10 Feb A Simplified Guide To Divorce
Splitting up with a spouse is difficult enough, but trying to figure out how to navigate divorce proceedings can be downright dismal. The following guide will help you figure out what you need to know and how to start.
How to start
While it’s always a good idea to get guidance from a qualified attorney, there are situations where divorce can be settled without attorney involvement. These situations usually include couples that do not have minor children or those with limited assets.
If a family law attorney is retained, they will usually begin the divorce proceedings by filing a petition for the dissolution of marriage. The other party will be served with the petition and has time to respond.
In the meantime, your attorney will want you to gather documents as a financial review of assets and debts is required. These documents may include the following:
- Income tax records
- Inventory of property
- Real estate records
- Investment and bank accounts
- Retirement accounts
- Wills, trusts, etc.
- Pay stubs, profit and loss statement for those self-employed
Nothing can be as contentious in divorce proceedings as child custody. While some couples can agree on custody and shared time, these discussions can often cause disputes and ill will. In Colorado, custody is divided into physical and legal.
- Physical custody refers to where the child lives. This can change depending on split time with parents, but it means that wherever the child is at that moment, their physical and emotional needs should be met. This includes food, shelter, schooling, etc.
- Legal custody refers to decisions about the child’s upbringing. This can include education, healthcare, etc. A number of factors are considered when determining if joint legal custody is appropriate.
Hearings, mediation, and settlement
Within the first 42 days after filing the petition, a hearing is scheduled with family court to go over financial information progress, if mediation or temporary orders are needed and how to proceed.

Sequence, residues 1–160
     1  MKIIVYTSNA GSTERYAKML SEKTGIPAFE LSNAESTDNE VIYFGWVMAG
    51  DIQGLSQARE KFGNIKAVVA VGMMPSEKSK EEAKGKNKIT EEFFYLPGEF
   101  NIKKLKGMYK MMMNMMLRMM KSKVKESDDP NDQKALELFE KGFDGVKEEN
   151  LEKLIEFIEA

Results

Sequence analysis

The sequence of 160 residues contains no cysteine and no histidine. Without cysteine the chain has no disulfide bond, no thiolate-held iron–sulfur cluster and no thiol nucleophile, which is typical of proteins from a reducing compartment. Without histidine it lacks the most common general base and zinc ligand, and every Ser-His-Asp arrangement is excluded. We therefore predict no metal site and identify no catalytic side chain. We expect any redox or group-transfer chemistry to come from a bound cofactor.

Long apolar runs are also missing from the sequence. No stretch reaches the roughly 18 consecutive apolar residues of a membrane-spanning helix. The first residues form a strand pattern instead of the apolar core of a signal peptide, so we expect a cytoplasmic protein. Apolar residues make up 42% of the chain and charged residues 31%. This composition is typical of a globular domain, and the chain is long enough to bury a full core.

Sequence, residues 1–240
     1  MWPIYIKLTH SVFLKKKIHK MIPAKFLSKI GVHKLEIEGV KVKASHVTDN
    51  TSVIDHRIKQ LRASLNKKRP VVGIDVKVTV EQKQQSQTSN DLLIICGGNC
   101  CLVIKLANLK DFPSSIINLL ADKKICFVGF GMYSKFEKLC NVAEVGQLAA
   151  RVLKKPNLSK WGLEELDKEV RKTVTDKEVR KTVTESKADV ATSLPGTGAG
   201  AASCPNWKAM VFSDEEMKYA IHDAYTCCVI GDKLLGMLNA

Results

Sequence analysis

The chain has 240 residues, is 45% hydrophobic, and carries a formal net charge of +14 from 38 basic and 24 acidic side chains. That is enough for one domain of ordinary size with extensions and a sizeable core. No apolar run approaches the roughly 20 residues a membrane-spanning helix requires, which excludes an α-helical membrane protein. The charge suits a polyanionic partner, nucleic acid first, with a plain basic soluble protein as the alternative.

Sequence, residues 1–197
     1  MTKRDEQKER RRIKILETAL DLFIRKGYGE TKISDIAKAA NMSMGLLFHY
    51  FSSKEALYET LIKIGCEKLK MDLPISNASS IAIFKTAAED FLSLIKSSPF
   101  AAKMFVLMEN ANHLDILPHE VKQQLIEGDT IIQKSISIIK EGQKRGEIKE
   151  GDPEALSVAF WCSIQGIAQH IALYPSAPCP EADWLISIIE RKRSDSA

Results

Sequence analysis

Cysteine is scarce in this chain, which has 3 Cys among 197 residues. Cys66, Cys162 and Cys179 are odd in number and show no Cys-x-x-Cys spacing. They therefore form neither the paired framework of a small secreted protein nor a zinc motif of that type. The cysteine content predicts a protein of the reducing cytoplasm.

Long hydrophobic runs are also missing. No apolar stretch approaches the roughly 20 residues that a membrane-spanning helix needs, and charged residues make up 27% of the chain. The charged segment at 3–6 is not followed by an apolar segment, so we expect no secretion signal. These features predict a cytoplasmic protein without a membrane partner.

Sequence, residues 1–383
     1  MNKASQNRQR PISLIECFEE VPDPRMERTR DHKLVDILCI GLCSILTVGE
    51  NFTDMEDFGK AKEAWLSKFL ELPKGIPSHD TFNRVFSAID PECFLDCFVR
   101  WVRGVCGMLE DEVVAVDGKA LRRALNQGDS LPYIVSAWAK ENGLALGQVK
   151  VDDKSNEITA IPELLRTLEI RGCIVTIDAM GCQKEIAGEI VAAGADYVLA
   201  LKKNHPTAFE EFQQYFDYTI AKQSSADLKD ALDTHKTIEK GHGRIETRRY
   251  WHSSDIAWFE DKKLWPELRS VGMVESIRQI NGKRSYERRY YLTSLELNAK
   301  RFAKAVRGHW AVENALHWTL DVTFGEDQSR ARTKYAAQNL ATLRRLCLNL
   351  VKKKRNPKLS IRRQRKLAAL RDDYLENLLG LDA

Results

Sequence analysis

- Mediation is a common process where a neutral third party helps both sides come to a compromise regarding contested issues. If an agreement cannot be made, it will proceed with a court hearing.
- Temporary orders address obstacles that occur while divorce proceedings are ongoing. They can include child support or bill payment.
- A divorce is final when the parties agree on everything, reaching a settlement agreement. Otherwise, it will go to trial where a judge will rule on the contentious issues and grant a divorce decree.
How much does it cost to get divorced?
There’s no way around it, divorce proceedings can be expensive. Parties that settle without attorneys can still see an average cost of $1,500-$2,000. The Colorado filing fee is $230, plus there are additional fees for response petitions, serving documents, and other costs like mediators and financial consultants, if necessary.
That fee will increase with attorney involvement. Colorado attorneys can vary on their rates. If the divorce is contentious and there are issues over child custody, property distribution, or alimony, the end fee can easily climb upwards of $10,000. However, costs can run significantly lower if there are limited disagreements.
How long does it take?
The shortest time period to divorce in Colorado is 90 days. However, this is for simple divorces not involving children or disputed matters. The average divorce takes around 6-12 months but could last a few years depending on asset size and if disagreements arise regarding property division, child support, or other matters.
The BAM Family Law offices have the experience and expertise to guide you through this difficult time. If you’re looking for advice, schedule a consultation to get more information and find out how we can help you.